Solving the Home Care Crisis
According to an estimate, the ageing population of America would be 71.5 million by 2030. During that time, it might become difficult for the home care industry to retain and recruit a large workforce.
Demographic Shifts and a Struggling Workforce
As estimated, in 2020, people over 65 or older will outnumber children under five years of age for the first time. Even a survey conducted in 2014 by the Public Policy Institute, AARP, according to which 87% of adults age over 65 want to age in a place that means in their current community, home and 70% will need assistance to do so.
There was also research done by Paraprofessional Healthcare Institute (PHI), according to which the home care workforce has doubled in size between the years 2005 (700,000) and 2015 (1.4 million). As per the prediction made by the Bureau of Labor Statistics (BLS), more than one million new caregivers will enter the Home Care Industry by 2024 to meet the need.
Solving the Home Care Crisis
Around 90 per cent of women and the median age is around 45. Among them, 28% of workers are over 55 years of age. When these workers cross 55 years, they will be replaced with a younger and more active workforce, including more men.
Although there are few training requirements for a candidate who is willing to work as a home care worker, it means they need a low level of education or experience to enter the industry. But when the low levels of training coupled with inconsistent hours, low wages, and lack of understanding, it results in higher turnover. This is because new caregivers are not ready for the job and seek other options to explore.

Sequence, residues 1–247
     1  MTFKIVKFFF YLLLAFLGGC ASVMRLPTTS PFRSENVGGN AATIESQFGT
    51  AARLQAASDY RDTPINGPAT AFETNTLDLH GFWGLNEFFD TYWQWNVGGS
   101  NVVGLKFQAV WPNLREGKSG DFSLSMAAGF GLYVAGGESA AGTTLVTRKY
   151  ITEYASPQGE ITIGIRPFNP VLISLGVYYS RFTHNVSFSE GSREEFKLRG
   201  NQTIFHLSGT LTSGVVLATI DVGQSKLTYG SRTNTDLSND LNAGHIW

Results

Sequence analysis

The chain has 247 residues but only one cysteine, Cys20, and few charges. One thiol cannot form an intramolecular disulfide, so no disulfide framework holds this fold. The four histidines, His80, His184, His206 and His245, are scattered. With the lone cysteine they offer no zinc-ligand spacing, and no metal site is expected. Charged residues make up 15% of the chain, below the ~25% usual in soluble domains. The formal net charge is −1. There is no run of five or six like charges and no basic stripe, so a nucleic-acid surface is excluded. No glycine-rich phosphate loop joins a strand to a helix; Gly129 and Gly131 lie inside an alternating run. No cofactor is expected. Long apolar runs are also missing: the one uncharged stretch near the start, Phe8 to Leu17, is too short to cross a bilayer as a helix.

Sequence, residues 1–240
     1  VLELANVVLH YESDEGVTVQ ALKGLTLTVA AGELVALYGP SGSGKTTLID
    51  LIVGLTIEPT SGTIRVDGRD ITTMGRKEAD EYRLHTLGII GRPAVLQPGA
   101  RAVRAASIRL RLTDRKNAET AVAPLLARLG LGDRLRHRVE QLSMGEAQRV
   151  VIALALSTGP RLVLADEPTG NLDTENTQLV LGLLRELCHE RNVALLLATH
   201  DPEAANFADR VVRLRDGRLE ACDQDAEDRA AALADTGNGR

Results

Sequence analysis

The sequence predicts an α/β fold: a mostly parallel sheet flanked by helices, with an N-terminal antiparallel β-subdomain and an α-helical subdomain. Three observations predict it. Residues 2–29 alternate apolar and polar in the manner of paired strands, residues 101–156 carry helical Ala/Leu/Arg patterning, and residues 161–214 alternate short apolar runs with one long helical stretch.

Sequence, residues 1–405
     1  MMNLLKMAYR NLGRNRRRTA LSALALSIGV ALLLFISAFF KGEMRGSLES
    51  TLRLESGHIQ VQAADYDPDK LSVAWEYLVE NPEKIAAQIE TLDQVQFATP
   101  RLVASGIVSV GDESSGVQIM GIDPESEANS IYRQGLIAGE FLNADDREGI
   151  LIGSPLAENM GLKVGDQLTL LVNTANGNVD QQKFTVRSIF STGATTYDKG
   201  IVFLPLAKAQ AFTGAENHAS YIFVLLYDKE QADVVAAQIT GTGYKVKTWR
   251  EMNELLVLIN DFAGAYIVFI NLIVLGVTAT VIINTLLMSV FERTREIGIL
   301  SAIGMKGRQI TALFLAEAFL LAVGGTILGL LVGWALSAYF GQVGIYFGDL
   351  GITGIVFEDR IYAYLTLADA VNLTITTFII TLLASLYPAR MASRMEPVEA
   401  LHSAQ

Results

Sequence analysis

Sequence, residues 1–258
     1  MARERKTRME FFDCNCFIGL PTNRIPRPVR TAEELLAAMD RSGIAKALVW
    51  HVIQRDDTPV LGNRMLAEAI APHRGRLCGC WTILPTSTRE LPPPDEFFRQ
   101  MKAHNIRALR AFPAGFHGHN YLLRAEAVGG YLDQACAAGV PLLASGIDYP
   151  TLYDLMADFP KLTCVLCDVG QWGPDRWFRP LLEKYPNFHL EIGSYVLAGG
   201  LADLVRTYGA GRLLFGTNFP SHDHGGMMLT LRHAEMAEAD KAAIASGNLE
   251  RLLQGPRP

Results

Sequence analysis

72% of home health care revenue comes directly from public programs. However, the reimbursement rates are quite low, which drives down wages across the industry. In 2015, the National per-hour Medical reimbursement rates ranged from $13.43-$18.82 on average. These are hard enough to cover the agencies’ costs of hiring, training, and supervising employees.
The remaining 28% comes from the blend of private insurance, longterm care insurance, and private pay. Private pay is considered one of the most lucrative revenue sources. It is backed by ten millions of dollars of venture capital for individuals who are testing for home care crisis’s tech-based solutions.
Private rates are quite low, provided the precedent set by the person’s ability to pay and public pay rates.
With the ageing of the Baby Boomer generation, the small private pay is decreasing as only a few can afford long term care. Almost in all states, the home care’s annual cost is more than 100% of state median wages. It means that today, those in the private pay market can find themselves in the public pay market tomorrow.
Katrina Kazda and Nic Miragliuolo. Citing Sources in APA Format. Retrieved